Discrete mathematics is a subject to which no shortage of books have been devoted. It has long been a staple in the mathematics studied and used by computer scientists as well as mathematicians. In light of this, one must certainly ask whether or not another book on the subject belongs on the bookshelf. For many, the answer with respect to this book should be yes.
When this book arrived on my desk, it got buried rather quickly, and after falling onto the back burner, it stayed there for quite some time. Until I started actually reading it. I quite enjoyed carrying this small volume around, reading a section or two at a time. The writing is generally clear and engaging. The material is basic, as one expects from a book in the Undergraduate Texts in Mathematics series, but there is some material "beyond" the elementary. I found myself pleased with how the authors make a point of including developments and applications in their text, in coding theory in particular. I learned of a few results here. For example, there is a discussion of pseudoprimes and of the Miller-Rabin, algorithm which, upon iteration, has an excellent probability of correctly identifying a prime. This result is not new (the authors date it to the late 1970s) but it was new to me. Primality testing is not new either, but it is not standard fare, and lends a nice flavor here. I was also pleased that in several places the authors would state a best known result, and then proceed to state and prove an easier result — one that was within the scope of the book. Surely there are some readers who will find this sort of bait and switch annoying, but I am not one of them. In fact, I felt it added to the introductory nature of the text.
This book does a wonderful job of communicating mathematics as a vibrant field. In many places the authors are willing to remark on the process of doing mathematics, on questions that appear "natural" or "surprising" and of course "elegant". The first paragraph of the chapter entitled Integers, Divisors, and Primes presents a good example of this philosophy in action:
This area of mathematics is called number theory, and it is a truly venerable field: Its roots go back about 2500 years, to the very beginning of Greek mathematics. One might think that after 2500 years of research, one would know essentially everything about the subject. But we shall see that this is not the case: There are very simple, natural questions that we cannot answer; and there are other simple, natural questions to which an answer has been found only in the last few years! (p. 87)
The authors carefully remind us throughout the text that what is convincing does not necessarily constitute a proof. But they do not shy away from first convincing the reader of the likelihood of a result (having usually led the reader to that point skillfully) and then providing a proof.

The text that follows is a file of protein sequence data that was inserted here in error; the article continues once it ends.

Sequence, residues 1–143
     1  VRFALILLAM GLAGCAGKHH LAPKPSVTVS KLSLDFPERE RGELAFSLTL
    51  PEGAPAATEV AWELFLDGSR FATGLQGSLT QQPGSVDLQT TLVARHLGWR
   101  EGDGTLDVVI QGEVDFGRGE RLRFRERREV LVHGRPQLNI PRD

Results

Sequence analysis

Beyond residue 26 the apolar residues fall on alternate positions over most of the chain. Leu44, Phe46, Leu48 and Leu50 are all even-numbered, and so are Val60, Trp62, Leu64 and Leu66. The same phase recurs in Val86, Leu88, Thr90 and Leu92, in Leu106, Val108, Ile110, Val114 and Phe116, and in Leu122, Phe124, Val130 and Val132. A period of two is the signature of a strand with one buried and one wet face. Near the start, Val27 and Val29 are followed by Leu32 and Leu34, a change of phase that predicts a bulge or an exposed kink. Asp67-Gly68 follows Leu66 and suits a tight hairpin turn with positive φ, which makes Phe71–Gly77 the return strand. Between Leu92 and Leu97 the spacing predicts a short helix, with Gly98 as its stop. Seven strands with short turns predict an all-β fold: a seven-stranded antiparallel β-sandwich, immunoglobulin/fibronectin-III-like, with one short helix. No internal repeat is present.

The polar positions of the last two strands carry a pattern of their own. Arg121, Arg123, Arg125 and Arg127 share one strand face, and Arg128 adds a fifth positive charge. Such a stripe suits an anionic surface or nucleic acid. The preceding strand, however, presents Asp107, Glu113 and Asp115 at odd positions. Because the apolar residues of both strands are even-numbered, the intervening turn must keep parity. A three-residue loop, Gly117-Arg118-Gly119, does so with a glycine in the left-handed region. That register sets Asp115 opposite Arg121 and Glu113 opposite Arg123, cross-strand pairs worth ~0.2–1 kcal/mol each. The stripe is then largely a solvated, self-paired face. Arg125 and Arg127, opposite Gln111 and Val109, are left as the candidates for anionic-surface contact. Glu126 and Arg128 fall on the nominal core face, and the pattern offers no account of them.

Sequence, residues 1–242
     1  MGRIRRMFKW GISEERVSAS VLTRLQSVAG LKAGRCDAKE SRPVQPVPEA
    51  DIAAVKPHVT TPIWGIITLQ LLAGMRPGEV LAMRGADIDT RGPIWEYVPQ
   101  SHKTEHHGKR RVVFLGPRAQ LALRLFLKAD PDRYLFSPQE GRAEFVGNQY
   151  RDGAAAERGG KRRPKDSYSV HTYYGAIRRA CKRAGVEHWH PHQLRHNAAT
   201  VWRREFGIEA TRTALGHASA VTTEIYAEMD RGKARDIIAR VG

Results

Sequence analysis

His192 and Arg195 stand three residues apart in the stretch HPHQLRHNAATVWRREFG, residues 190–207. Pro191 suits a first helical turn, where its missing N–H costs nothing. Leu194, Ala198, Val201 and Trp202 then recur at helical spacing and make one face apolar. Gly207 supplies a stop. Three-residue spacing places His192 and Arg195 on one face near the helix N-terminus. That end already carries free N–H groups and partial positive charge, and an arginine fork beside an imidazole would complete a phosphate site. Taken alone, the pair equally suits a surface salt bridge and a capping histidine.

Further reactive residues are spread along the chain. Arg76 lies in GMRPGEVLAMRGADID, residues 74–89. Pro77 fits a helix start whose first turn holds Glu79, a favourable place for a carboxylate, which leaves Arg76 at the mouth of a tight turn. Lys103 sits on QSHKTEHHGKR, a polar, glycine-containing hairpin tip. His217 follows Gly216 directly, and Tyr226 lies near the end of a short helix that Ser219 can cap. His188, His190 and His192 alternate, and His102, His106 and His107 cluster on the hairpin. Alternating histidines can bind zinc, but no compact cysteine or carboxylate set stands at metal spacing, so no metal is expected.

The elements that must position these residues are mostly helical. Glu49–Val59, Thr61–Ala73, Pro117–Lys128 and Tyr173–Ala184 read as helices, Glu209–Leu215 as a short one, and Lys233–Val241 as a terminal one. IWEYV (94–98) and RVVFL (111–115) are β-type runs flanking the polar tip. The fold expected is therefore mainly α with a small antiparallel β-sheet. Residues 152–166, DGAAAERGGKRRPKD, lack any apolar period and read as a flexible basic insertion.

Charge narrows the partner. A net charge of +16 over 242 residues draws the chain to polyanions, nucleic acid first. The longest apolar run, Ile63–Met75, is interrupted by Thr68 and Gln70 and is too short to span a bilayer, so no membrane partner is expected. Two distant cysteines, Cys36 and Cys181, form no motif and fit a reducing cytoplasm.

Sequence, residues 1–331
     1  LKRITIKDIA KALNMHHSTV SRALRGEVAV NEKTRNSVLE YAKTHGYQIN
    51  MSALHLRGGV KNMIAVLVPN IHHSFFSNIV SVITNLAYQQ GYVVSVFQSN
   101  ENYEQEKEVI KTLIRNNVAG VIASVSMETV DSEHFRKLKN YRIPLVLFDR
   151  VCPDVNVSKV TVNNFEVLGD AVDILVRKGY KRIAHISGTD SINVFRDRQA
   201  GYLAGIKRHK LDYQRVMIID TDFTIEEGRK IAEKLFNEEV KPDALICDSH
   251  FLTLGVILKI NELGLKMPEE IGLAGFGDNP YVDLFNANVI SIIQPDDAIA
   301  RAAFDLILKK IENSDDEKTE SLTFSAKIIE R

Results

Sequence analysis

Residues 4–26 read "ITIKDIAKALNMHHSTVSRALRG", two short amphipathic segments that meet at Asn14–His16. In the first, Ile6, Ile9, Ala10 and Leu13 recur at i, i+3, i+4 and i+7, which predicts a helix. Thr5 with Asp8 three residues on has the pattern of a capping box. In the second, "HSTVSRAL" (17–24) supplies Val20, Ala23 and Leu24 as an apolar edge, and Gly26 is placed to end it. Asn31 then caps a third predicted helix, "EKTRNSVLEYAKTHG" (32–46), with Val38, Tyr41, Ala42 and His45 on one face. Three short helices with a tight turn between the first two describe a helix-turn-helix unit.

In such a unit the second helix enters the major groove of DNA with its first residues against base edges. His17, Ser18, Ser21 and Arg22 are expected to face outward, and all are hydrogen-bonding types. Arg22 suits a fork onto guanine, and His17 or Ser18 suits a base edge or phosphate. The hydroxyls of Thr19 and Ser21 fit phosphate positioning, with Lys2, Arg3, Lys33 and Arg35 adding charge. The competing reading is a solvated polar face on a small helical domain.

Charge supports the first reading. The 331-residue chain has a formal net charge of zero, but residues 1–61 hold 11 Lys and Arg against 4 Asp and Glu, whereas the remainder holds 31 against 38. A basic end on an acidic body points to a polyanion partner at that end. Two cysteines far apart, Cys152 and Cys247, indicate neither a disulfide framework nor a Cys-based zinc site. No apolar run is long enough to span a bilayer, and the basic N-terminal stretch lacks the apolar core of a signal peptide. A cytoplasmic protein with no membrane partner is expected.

Lovasz, Pelikan and Vesztergombi's choice of topics does have a more mathematical bent in comparison to some other undergraduate texts at which I looked. The first chapter takes up the topics of sets and counting, but the discussion of unions of sets, intersection of sets, and other such introductory logic is extremely brief. The second chapter leads to the pigeonhole principle, but also discusses estimating the size of numbers, a theme that reappears from time to time throughout the book. The binomial theorem is the main tool of the next chapter, leading quite nicely to identities arising from Pascal's triangle and estimates for sums and quotients of binomial coefficients. Recurrence relations are briefly introduced via the Fibonacci numbers, but attention quickly turns to combinatorial probability and a new chapter. In Chapter Six, the theme is prime numbers. (This is the longest chapter in the text, at about thirty pages.) Graphs and trees, and matching and optimization problems are the themes of the next few chapters. Then there is a foray into planar geometry leading to a discussion of the Four Color Theorem. The last two chapters delve into coding theory and cryptography by introducing projective planes, Steiner systems, etc, on the way to describing the RSA cryptosystem. I'm a sucker for projective planes, as well as cryptography, and was delighted with this selection as a fitting conclusion to the book.
While the choice of topics was to my taste and what made reading this book fun, it will be seen as a drawback by some readers who desire more connection with computer science. For example, there is no mention of boolean logic or automata. Likewise, algorithms are discussed strictly from a mathematical viewpoint — as in the Euclidean Algorithm, as are recurrence relations.
To conclude, in Discrete Mathematics Lovasz, Pelikan and Vesztergombi have succeeded in providing us with a book that is sure to please many readers. It is indeed elementary enough to use as a text in class (although be warned: the solutions to all the exercises are included). But a reader interested in discrete mathematics mostly for the sake of computer science will likely be disappointed, frustrated, or both.
Michele Intermont (email@example.com) is Associate Professor of Mathematics at Kalamazoo College. Her area of specialty is algebraic topology.